In December 1819 the Vicar of Hemyock in Devon wrote to the Prime Minister:
Parsonage, Hemyock, Devon, Nr Wellington
16th December 1819
Should the subject I am about to mention not come under your Lordship’s cir*****ference I have to apologise for intruding on your time, but this Parish is at present so burdened with poor that any addition is of course a matter of moment. James THOMAS, a Greenwich Pensioner, has I am informed ingaged to sail with George SOUTHEY of the Parish of Wellington, Somerset to the Cape of Good Hope and has left a wife and five young children chargeable to this Parish. I should therefore feel obliged by your Lordship’s informing me if steps cannot be taken to prevent him leaving England. Again allow me to apologise for intruding on your Lordship’s time and I have the honour to remain my Lord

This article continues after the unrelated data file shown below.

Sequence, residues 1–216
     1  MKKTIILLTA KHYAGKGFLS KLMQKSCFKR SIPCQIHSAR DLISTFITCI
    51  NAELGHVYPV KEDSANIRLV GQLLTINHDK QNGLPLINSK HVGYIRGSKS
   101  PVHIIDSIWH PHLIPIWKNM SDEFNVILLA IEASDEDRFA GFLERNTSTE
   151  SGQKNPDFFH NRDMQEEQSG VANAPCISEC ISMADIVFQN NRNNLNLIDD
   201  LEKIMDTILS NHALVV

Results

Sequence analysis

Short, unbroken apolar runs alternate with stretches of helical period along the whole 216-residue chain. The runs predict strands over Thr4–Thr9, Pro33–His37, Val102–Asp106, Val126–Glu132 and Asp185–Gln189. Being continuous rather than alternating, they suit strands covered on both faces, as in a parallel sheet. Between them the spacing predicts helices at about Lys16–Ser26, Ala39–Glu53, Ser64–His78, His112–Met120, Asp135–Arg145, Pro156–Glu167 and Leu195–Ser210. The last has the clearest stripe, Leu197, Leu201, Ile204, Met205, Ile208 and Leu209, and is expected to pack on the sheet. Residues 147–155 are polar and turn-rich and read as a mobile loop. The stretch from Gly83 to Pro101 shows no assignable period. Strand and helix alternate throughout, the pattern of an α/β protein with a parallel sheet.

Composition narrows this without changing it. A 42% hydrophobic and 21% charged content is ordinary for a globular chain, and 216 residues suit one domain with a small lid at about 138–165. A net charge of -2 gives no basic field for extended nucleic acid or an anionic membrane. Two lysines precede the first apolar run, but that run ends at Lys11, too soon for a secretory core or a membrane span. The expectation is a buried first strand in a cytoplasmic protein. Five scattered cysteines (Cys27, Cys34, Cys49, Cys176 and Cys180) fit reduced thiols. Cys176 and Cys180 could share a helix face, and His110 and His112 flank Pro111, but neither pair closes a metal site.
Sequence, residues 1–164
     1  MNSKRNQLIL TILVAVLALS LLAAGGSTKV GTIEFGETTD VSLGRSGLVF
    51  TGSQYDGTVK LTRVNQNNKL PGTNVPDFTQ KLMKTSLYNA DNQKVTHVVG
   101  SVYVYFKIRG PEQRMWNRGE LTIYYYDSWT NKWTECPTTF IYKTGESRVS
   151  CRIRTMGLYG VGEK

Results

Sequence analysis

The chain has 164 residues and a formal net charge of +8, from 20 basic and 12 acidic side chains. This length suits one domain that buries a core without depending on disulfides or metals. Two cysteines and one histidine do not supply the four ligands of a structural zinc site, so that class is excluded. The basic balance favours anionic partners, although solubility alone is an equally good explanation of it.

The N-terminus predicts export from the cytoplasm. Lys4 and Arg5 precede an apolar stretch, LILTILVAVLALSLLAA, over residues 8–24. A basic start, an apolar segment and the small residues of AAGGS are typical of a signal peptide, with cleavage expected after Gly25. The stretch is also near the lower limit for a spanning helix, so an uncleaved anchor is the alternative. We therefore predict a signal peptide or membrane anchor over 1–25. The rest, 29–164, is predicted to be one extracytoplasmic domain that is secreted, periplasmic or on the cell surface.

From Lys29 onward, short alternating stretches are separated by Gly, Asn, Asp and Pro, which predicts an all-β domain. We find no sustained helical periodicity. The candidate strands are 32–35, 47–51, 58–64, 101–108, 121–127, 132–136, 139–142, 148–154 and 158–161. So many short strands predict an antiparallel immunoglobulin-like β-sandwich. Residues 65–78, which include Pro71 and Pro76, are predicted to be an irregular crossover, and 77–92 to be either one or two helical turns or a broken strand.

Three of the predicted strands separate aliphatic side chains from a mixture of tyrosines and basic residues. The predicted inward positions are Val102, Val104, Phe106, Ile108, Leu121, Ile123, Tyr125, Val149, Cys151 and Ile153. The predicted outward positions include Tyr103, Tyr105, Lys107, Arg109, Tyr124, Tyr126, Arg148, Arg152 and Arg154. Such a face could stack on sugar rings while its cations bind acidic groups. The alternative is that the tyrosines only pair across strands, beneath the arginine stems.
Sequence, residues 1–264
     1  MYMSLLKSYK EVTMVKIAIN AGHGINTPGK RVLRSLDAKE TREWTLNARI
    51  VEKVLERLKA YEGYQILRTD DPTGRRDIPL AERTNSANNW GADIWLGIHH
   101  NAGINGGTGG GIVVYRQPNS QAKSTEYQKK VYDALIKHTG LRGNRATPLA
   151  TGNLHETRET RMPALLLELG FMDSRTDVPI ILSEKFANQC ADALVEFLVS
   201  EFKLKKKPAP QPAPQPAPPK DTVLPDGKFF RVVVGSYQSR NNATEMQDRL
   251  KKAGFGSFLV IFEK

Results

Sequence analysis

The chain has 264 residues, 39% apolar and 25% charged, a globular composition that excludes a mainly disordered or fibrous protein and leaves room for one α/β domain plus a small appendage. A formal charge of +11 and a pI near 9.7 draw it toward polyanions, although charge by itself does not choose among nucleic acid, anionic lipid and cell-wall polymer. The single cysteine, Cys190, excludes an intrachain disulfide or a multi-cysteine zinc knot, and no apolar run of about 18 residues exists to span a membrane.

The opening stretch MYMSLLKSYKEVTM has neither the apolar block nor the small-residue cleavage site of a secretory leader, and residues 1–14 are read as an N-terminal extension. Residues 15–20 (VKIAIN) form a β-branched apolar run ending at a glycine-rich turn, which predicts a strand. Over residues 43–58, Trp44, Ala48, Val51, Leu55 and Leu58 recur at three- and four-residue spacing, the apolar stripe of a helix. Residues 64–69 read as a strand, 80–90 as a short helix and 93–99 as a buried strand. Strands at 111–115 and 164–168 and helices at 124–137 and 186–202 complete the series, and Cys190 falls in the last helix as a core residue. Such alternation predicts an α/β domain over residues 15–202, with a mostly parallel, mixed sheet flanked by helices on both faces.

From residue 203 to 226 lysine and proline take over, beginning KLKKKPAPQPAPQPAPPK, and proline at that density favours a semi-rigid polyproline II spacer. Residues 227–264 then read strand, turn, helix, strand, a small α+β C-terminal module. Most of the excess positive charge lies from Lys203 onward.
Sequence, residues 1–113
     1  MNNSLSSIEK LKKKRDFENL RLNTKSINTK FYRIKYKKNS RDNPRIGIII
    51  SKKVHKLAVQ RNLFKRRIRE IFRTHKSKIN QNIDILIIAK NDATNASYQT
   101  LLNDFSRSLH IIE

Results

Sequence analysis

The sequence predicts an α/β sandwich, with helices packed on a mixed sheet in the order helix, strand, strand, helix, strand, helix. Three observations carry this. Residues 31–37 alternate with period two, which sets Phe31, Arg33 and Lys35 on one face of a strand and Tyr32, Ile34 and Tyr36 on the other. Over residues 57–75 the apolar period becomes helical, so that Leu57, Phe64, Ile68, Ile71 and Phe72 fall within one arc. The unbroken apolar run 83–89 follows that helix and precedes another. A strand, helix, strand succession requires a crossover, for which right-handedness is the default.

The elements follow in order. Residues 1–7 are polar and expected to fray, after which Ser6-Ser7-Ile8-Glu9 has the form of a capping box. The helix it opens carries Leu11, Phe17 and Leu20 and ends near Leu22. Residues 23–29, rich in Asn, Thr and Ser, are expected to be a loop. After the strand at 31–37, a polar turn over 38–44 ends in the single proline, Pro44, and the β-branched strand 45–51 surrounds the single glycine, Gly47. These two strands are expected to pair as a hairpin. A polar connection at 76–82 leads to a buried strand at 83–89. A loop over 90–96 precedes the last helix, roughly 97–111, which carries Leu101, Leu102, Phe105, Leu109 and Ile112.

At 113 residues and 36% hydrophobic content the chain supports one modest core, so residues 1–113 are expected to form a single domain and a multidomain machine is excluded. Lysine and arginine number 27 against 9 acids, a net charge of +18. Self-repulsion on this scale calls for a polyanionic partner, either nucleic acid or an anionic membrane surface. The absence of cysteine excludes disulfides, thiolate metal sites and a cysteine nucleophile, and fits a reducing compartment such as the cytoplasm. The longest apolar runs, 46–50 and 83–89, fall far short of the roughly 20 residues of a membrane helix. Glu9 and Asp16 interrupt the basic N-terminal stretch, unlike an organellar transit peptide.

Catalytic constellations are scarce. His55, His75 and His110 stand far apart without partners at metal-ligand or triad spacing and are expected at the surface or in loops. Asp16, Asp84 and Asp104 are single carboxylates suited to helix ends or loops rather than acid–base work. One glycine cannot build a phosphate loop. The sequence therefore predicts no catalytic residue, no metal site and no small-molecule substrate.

Your Lordship’s obt hbl svt
Walter King COKER, Minister of Hemyock
CO48/42 at The National Archives, Kew, London
The matter must have been satisfactorily resolved, because James, his wife Mary (Lasky) and children Eliza, Jane, Humphrey, Ann, Isaiah and Arabella sailed with George Southey on the Kennersley Castle from Bristol on 10 Jan 1820 for South Africa.
There was an outbreak of Measles on the ship during the journey and at least seventeen of the children on the ship died, including Ann Thomas aged 4.
James Thomas, who was Great Great-uncle to Eva Hunter, and his wife went on to have four more children in South Africa, before James was killed in a native African uprising in 1829.
George Southey, who led this party to South Africa, was a cousin to Robert Southey the Romantic Poet. Around about the same time as the journey to South Africa was taking place Robert wrote the poem “His Books” which I quote in part below, it expresses my view of genealogy.